It’s fun to find out who is a seller and who isn’t. Who is willing to let their stuff go and who will cling to it. The Pickers are wholesalers, they need to pay wholesale in order to sell for a profit. Some people are so sentimentally attached to their items they just won’t sell. The Pickers don’t get mad if they don’t get their item. They understand and respect it. They may leave just happy to have held that vintage GI Joe doll or Easy Bake oven. They love the process.

Maybe it’s the old auction guy in me but I so enjoy the negotiating process. They know what stuff is worth but never try to underbid and take advantage of the seller, and most know exactly what their stuff is worth. The Pickers offer a fair price and the real treat is when they tell someone that an item that they thought was worthless is actually worth serious money. And the Pickers pay it, if they agree to sell. You still have that guy, like on Pawn Stars, that wants 50 bucks for something, gets offered 10,000 and then counters at 11,000. You originally wanted 500! But, that’s human nature. Most items start at a fair bid, a chin scratch from the collector, a high counter offer and then a concession from the pickers. I’ve been around such transactions for decades in my career but I still watch in fascination. More often than not it ends up as a sale and the trademark handshake and verbal exclamation of “SOLD.” If they but 50 items, they shake on it each and every time. An old fashioned-gesture in a modern world.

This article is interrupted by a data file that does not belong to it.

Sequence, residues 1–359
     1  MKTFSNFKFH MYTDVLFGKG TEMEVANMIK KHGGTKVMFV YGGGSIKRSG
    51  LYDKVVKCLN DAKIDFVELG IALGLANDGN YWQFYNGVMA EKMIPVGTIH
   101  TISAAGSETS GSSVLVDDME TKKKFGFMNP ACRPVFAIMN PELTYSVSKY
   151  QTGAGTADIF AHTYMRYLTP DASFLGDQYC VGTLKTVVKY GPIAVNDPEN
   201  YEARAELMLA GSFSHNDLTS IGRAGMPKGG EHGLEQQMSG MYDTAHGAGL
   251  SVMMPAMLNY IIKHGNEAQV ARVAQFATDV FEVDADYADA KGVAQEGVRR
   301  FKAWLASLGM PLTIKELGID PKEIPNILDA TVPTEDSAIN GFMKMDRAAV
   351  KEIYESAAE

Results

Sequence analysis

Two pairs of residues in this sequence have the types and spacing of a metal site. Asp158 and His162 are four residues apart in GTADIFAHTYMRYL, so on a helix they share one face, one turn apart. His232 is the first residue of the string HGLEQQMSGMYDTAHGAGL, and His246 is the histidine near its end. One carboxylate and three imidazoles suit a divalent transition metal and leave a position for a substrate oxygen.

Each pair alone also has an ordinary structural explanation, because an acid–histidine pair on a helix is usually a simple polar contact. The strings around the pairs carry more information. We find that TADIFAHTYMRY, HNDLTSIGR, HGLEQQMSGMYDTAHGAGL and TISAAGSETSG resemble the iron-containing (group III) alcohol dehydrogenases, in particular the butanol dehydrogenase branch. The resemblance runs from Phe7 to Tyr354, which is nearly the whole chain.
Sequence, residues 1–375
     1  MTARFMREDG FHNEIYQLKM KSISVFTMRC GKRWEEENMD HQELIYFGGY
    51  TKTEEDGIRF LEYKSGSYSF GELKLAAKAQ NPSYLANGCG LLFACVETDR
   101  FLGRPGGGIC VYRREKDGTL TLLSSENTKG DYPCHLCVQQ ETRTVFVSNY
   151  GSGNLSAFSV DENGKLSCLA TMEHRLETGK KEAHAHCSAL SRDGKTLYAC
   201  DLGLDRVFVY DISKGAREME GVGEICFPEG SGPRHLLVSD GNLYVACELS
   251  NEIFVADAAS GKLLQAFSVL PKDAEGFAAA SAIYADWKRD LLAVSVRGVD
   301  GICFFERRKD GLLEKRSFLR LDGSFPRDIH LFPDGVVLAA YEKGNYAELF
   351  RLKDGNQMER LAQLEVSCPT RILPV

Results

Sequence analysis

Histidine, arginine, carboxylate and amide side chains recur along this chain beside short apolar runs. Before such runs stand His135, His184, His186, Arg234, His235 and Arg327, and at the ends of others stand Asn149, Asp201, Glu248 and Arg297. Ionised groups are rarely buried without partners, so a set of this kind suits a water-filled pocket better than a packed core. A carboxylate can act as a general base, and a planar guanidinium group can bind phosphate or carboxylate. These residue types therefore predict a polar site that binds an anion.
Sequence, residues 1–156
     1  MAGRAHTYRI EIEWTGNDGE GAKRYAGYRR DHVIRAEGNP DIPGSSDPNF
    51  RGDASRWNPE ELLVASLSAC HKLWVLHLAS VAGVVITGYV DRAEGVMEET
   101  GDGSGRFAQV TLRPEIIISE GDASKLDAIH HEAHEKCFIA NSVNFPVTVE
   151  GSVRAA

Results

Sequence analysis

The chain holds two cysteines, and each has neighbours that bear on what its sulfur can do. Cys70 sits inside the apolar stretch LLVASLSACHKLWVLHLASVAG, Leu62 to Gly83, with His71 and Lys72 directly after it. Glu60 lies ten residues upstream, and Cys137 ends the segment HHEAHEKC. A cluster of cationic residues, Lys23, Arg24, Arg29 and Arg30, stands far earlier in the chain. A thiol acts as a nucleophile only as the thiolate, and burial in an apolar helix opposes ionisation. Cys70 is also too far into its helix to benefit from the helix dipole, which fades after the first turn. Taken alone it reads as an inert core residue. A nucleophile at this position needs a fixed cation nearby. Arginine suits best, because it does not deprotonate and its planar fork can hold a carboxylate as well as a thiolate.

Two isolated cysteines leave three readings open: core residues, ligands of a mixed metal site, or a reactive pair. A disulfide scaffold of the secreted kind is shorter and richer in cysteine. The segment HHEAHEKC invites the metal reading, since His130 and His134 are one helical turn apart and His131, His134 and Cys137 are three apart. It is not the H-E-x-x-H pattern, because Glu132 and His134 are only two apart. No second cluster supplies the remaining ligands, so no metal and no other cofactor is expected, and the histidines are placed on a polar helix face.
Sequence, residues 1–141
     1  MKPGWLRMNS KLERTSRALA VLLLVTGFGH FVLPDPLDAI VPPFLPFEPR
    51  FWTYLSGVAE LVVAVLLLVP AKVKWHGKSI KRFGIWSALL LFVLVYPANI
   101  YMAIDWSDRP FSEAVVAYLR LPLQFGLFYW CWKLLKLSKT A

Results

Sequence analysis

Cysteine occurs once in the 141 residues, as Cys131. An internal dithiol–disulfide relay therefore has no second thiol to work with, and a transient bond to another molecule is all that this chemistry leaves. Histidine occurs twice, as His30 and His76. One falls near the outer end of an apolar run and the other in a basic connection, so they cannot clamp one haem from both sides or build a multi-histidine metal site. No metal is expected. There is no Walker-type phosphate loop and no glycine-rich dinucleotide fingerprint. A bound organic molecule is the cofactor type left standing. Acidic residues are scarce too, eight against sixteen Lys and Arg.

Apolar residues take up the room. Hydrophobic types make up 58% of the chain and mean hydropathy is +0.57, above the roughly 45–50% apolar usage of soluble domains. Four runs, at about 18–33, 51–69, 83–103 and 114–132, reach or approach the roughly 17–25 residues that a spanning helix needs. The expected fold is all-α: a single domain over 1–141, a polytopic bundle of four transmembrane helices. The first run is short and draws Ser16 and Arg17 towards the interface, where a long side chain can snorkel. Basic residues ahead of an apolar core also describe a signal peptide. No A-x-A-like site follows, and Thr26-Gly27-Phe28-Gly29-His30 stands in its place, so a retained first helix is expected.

All of the above are solid motivators to make me come back to the show week after week. But there is a much greater draw for me and that is the people behind the junk. It is the backstory behind the item and the tales of the collector. I have seen people that I would give anything to meet, to sit in their glorious, dusty personal museums and listen to their stories.

Oh, the stories. There is the man who finally agreed to open his late father’s garage to reveal a collection of all that is the motorcycle and talks fondly about his dad. There is the couple that once ran with Andy Warhol and have hundreds of pictures to prove it. There’s the elderly man selling rusty, abandoned pieces of his old amusement park who tells with a tear in his eye of the joys of seeing the smiles of the children as they rode in the Rocket Ship cars and miniature trains so many years ago.